Well hello and happy Sunday morning to you. If you have over-indulged over the weekend at all (or even if you haven’t), have I got the perfect Sunday night recipe for you – an earthily, gorgeous mega-umami mushroom and miso soup bowl with silky soba noodles, tofu and bright spring onion. It is ridiculously easy to make and manages to walk the fine line between tasting incredibly rich and satisfying yet it is also spectacularly healthy and light – how is this even possible!? (It is a mystery).
You may have noticed the drop-dead gorgeous knife in the second pic…let me explain. If you come here often you will know that I don’t generally do many collaborations or endorsements – up until the last little while it really hasn’t been my gig. However, I was recently approached by the lovely team at Smith & Caughey’s to do some work with them, and it made so much sense that I said yes straight away. They stock the most gorgeous range of kitchenware, appliances, alcohol (with some stunning looking whisky…) and food products – and lucky me I’ll be heading in store at least once a month to fossick around and find things I like (and think you will too), and show them to you! So first up, may I introduce you to the Japanese (no surprises there) Miyabi utility knife. As a cook, I have quite the range of professional knives and even take them with me on holiday as I can’t bring myself to use crappy knives any more (I know, I know). But seriously, I know this is going to sound effusive, Japanese knives are the best, and Miyabi produce the best of the best. Using a knife like this is special, it is like getting out of your jeans and dressed up to go out for dinner, it has an elegance and refinement about it, which just feels so good, (and like the perfect LBD they are an investment piece you can keep and use forever). I am not going to go into screeds of technical stuff, but in a nutshell, the knives are made in the tradition of the ancient Japanese masters with a bit of German ingenuity for good measure. Each blade is made of 101 layers of microcarbide powder steel and features an ornate floral ‘damascus’ pattern. The round handles are made of beautiful pale Masur birch and finished with a mosaic pin. Also. They are bloody, outrageously, fabulously sharp. If you fancy treating yourself (or your mum for mother’s day) head here and check it out on the Smith & Caughey’s website.
And in other news – not a huge amount really, apart from surviving thunderstorms and power cuts. Since Easter it has been down to business with Cuisine, Fairfax and Dish. Sadly my Spanish lessons have just finished until the next semester, but I was back with the team at pub quiz night last Monday with a vengeance. We are really, really bad – not quite useless, but seriously – how do people remember so much random stuff??? Despite the fact that we always languish closer to the bottom half of the score table, I maintain that we have by far the most fun, and we seem to share some ridiculous optimism that somehow ‘this’ might be the night that the miracle happens and we do well…hahahahaha. As you read this I have just one week left until Pog arrives (hurrah), and seeing as I am having the photos and video done for when I sell my house next week, (the photos, not the sale – that’s aaaages away) I have a lot to do to get ready for both. I have already culled two skips worth of crap (and given stuff away and sold more on trade me), but somehow the house is like a Mini full of clowns, there always seems to be more. Anyhoo, that’s plenty from me for now. Happy Sunday and I’ll see you again during the week…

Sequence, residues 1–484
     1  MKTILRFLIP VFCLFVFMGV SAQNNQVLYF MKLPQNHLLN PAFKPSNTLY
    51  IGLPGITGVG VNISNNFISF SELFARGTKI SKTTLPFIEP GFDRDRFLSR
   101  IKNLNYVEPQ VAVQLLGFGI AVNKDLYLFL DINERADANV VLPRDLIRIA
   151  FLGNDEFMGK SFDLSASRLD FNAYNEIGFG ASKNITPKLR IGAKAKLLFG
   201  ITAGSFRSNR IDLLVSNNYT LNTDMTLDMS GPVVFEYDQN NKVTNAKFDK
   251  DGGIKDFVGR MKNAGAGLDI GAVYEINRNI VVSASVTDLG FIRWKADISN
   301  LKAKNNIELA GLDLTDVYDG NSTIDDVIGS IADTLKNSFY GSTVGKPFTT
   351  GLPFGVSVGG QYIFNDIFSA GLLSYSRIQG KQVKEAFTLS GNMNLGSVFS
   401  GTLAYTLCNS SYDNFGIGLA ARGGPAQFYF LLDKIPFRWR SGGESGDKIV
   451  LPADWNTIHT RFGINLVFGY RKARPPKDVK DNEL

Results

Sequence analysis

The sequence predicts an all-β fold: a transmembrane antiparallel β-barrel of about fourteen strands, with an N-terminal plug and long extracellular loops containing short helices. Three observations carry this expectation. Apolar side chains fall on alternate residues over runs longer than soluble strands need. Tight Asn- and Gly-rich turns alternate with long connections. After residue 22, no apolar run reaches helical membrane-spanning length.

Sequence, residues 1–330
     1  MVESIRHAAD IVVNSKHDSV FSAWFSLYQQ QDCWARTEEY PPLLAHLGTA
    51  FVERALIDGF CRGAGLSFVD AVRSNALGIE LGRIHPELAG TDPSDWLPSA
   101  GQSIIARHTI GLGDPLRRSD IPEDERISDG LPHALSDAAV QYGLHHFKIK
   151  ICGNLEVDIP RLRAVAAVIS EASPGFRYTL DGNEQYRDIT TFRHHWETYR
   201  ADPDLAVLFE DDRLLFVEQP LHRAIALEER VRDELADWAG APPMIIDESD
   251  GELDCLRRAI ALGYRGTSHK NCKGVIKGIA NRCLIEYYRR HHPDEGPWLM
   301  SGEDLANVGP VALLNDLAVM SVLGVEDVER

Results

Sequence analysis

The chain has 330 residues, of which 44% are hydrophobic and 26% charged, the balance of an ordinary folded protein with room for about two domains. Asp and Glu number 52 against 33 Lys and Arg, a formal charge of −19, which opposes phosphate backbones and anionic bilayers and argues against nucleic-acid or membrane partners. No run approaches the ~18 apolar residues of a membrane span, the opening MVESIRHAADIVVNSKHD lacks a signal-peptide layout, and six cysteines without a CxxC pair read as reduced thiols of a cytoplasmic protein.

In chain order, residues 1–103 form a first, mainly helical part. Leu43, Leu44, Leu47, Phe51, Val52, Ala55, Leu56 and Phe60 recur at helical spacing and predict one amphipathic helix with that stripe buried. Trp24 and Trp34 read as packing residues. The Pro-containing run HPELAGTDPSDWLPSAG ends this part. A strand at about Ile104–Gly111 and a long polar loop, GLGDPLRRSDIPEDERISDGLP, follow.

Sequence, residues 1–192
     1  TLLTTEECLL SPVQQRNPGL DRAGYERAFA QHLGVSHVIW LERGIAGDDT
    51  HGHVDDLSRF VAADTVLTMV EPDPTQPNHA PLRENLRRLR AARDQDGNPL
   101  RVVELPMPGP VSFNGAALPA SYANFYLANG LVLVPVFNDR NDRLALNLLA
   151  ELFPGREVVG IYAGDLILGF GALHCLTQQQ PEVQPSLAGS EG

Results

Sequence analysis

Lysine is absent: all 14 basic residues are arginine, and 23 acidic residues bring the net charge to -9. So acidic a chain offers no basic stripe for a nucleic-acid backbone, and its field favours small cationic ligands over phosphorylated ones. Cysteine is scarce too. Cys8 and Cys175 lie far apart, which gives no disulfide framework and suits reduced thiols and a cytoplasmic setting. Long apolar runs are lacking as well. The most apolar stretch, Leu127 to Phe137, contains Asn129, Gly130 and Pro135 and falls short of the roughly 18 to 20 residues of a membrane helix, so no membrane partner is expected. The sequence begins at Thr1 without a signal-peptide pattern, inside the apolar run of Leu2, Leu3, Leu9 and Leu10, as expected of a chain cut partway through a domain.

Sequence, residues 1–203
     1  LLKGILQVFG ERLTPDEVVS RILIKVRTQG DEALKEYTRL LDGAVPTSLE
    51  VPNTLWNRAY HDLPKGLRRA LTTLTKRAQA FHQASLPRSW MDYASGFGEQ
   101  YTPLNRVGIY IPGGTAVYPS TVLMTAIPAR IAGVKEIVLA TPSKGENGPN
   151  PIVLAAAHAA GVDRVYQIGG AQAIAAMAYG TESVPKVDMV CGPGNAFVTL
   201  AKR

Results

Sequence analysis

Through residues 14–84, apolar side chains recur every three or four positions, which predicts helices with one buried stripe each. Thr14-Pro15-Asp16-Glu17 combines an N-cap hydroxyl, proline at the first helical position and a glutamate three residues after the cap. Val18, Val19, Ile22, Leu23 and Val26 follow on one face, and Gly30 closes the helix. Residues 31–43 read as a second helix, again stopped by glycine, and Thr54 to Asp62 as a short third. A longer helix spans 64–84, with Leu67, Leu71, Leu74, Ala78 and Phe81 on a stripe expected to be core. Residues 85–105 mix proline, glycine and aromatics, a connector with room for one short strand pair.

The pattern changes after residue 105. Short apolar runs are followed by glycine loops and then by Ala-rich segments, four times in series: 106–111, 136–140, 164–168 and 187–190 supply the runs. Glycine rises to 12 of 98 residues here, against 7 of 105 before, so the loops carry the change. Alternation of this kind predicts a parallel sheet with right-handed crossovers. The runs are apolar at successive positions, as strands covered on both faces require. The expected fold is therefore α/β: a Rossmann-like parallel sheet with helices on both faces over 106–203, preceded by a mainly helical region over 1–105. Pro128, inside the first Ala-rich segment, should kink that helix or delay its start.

10 grams dried porcini or shitake mushrooms
1 thumb ginger, sliced
4 cups boiling water
3 tablespoons miso paste (I used Ceres organics soybean & brown rice miso)
1-2 teaspoons tamari (to taste – I like 2)
6 small Swiss brown mushrooms, finely sliced
60 grams soba noodles
150grams silken tofu, sliced into 1-2cm cubes
2 spring onions, sliced
1 teaspoon black sesame seeds
Put the dried mushrooms and ginger in a bowl and top with the boiling water. Allow this to steep and reconstitute the mushrooms for 20 minutes. Drain the mushrooms and ginger through a fine sieve, reserving the stock. Discard the ginger and chop the reconstituted mushrooms. Put the stock in a saucepan, whisk in the miso and bring to a gentle boil (almost a simmer). Add the tamari and sliced mushrooms, cook 2 minutes then add the soba noodles and tofu. Cook a further 2 minutes until the noodles are just cooked. Stir through half of the spring onion, then serve immediately garnished with the remaining spring onion and sesame seeds. Too easy.